Additional PCI host bridges 322, 330, and 340 provide interfaces for additional PCI buses 323, 331, and 341. Each of additional PCI buses 323, 331, and 341 are connected to a plurality of terminal bridges 324-325, 332-333, and 342-343, which are each connected to a PCI I/O adapter 328-329, 336-337, and 346-347 by a PCI bus 326-327, 334-335, and 344-345. Thus, additional I/O devices, such as, for example, modems or network adapters may be supported through each of PCI I/O adapters 328-329, 336-337, and 346-347. In this manner, server 300 allows connections to multiple network computers. A memory mapped graphics adapter 348 and hard disk 350 may also be connected to I/O bus 312 as depicted, either directly or indirectly.

Management of logical partitions is achieved through terminals, such as hardware system consoles (HSC). This access is provided in these examples through service processor 366, nonvolatile random access memory (NVRAM) 368, and input/output (I/O) adapter 370. HSCs connect to service processor 366 through I/O adapter 370. NVRAM 368 contains objects, such as profiles used to configure and manage logical partitions within data processing system 300. In these examples, the profiles stored in NVRAM 368 are sent to HSCs as they come online or connect to data processing system 300 through I/O adapter 370. This architecture provides a mechanism to avoid having to store profiles for logical partitions at the HSCs. Further, synchronization mechanisms to maintain profiles duplicated at different HSCs also are not required with this architecture.

Those of ordinary skill in the art will appreciate that the hardware depicted in FIG. 3 may vary. For example, other peripheral devices, such as optical disk drives and the like, also may be used in addition to or in place of the hardware depicted. The depicted example is not meant to imply architectural limitations with respect to the present invention.

With reference now to FIG. 4, a block diagram of an exemplary logically partitioned platform is depicted in which the present invention may be implemented. The hardware in logically partitioned platform 400 may be implemented as, for example, server 300 in FIG. 3. Logically partitioned platform 400 includes partitioned hardware 430, hypervisor 410, and operating systems 402-408. Operating systems 402-408 may be multiple copies of a single operating system or multiple heterogeneous operating systems simultaneously run on platform 400.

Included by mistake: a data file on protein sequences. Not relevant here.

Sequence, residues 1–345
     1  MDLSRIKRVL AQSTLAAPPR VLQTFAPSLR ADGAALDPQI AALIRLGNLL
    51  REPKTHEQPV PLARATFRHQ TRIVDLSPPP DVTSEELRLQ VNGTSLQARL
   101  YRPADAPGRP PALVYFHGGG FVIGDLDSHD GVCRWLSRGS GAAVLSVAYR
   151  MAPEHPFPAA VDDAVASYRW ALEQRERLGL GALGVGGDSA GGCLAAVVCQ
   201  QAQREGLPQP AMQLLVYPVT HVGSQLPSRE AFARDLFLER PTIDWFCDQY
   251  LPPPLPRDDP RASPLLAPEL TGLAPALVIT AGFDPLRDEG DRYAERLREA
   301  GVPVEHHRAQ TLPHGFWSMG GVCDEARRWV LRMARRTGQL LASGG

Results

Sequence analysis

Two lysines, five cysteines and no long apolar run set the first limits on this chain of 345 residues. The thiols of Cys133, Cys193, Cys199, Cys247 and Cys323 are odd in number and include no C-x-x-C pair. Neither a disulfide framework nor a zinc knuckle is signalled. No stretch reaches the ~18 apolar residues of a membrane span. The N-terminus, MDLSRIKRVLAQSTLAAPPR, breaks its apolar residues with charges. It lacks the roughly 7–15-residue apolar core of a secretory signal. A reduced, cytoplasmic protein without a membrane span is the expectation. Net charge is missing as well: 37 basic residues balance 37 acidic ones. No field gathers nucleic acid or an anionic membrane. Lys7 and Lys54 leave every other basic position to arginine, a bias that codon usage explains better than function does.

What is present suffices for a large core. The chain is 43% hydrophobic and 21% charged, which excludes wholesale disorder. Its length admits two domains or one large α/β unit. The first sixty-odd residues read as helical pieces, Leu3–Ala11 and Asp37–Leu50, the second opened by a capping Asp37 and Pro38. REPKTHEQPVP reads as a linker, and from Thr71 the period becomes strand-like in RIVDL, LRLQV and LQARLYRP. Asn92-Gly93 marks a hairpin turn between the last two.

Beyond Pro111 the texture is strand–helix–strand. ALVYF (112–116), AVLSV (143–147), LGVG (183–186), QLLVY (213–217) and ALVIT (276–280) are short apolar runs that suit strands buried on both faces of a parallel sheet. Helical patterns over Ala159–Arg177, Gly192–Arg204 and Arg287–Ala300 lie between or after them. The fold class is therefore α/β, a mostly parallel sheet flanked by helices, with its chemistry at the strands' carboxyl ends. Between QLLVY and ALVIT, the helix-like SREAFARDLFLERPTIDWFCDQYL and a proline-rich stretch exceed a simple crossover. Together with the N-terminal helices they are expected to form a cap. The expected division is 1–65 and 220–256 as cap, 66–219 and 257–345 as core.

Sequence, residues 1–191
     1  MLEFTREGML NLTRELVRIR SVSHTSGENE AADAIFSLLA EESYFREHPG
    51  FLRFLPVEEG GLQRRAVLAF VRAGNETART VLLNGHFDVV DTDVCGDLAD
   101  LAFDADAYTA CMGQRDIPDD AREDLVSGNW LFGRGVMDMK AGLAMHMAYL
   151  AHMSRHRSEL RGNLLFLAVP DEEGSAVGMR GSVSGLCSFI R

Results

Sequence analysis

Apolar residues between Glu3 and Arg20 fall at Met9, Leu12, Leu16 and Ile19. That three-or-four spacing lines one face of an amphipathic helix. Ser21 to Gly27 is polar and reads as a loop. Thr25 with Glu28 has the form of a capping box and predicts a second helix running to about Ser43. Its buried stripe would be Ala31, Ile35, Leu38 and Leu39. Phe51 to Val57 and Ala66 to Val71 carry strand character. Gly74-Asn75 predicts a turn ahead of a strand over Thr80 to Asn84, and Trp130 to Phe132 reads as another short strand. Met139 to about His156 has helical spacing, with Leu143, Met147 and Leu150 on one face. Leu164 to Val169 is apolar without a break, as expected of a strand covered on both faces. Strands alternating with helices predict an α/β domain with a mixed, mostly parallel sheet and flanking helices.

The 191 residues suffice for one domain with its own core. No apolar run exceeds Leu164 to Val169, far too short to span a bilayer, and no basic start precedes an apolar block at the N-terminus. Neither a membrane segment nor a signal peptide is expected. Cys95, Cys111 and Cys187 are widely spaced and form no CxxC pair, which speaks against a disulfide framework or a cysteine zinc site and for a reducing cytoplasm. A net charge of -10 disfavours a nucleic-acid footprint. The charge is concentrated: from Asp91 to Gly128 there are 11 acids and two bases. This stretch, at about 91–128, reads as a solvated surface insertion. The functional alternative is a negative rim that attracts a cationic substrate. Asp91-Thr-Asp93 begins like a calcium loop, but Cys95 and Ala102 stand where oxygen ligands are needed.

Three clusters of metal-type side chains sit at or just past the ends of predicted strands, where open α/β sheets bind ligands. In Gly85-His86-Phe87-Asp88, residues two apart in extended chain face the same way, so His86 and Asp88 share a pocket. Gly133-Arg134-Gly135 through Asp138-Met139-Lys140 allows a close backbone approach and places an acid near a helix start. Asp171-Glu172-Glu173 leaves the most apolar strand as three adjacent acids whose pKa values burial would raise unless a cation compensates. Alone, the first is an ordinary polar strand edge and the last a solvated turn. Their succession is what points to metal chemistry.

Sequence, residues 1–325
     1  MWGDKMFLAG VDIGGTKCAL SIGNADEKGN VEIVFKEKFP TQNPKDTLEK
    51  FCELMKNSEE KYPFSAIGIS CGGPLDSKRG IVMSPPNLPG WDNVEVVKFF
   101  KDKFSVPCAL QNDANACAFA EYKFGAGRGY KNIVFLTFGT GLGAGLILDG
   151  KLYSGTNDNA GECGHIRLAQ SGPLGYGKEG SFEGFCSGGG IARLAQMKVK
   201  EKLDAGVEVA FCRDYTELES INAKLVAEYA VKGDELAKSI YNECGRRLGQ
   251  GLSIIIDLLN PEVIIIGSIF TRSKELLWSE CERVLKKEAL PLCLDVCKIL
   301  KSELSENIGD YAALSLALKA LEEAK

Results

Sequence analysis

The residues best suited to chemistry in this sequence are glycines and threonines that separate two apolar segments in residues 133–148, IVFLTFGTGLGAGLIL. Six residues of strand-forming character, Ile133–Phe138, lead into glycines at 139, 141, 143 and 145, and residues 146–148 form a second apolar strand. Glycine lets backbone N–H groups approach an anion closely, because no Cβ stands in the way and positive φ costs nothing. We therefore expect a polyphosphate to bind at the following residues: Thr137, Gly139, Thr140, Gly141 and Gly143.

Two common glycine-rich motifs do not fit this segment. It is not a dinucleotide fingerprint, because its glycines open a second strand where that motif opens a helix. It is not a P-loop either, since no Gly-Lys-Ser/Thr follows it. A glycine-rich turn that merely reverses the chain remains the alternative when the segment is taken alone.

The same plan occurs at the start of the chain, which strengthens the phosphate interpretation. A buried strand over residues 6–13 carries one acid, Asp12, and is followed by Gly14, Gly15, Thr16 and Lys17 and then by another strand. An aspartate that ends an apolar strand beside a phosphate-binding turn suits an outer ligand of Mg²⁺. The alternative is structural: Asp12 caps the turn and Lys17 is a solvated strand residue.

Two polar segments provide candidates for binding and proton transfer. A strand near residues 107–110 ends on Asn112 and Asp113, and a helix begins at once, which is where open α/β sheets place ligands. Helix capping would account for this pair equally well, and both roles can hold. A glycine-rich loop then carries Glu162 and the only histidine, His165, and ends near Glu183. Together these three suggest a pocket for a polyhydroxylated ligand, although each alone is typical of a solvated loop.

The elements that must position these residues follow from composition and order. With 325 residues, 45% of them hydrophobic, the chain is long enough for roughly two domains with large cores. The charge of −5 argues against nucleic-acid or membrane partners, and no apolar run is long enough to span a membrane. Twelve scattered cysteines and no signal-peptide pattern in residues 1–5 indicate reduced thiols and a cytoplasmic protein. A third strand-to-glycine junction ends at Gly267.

Partitioned hardware 430 includes a plurality of processors 432-438, a plurality of system memory units 440-446, a plurality of input/output (I/O) adapters 448-462, and a storage unit 470. Each of the processors 432-438, memory units 440-446, and I/O adapters 448-462 may be assigned to one of multiple partitions within logically partitioned platform 400, each of which corresponds to one of operating systems 402-408.

Hypervisor 410, implemented as firmware, performs a number of functions and services for operating system images 402-408 to create and enforce the partitioning of logically partitioned platform 400. Firmware is “hard software” stored in a memory chip that holds its content without electrical power, such as, for example, read-only memory (ROM), programmable ROM (PROM), erasable programmable ROM (EPROM), electrically erasable programmable ROM (EEPROM), and nonvolatile random access memory (nonvolatile RAM).

Hypervisor 410 provides a secure direct memory access (DMA) window, per I/O adapter, such as, for example, I/O adapter 328 in FIG. 3, on a shared I/O bus, such as, for example, I/O bus 312 in FIG. 3, into the memory resources allocated to its associated OS image, such as, for example, OS image 402 in FIG. 4. The secure DMA window provides access from an I/O adapter to memory which is allocated to the same partition as the I/O adapter, while preventing the I/O adapter from getting access to the memory allocated to a different partition.

In one embodiment, as implemented within an RS/6000 Platform Architecture, the hypervisor makes use of two existing hardware mechanisms. These hardware mechanisms are called the translation control entry (TCE) facility and the DMA range register facility bridge. In one embodiment, the TCE facility is implemented in the PCI Host Bridge, such as PCI Host Bridges 314, 322, 330, and 340 in FIG. 3, and the range register facility is implemented in the Terminal Bridge, such as Terminal Bridges 316-317, 324-325, 332-333, and 342-343.

The TCE facility (not shown) is a facility for the I/O which is analogous to the virtual memory address translation facility provided by most processors today. That is, the TCE facility provides a mechanism to translate a contiguous address space on the I/O bus to a different and possibly noncontiguous address space in memory. It does this in a manner similar to the processor's translation mechanism, and thus breaks the address space of the memory and the address space of the I/O bus into small chunks, called pages. For IBM PowerPC processor based platforms, this size is generally 4 Kbytes per page. Associated with each page is a translation and control entry. This translation and control entry is called a TCE for this I/O translation mechanism, and is sometimes called the Page Table Entry for the corresponding processor virtual translation mechanism. These translation entries are in different tables for the processor and I/O.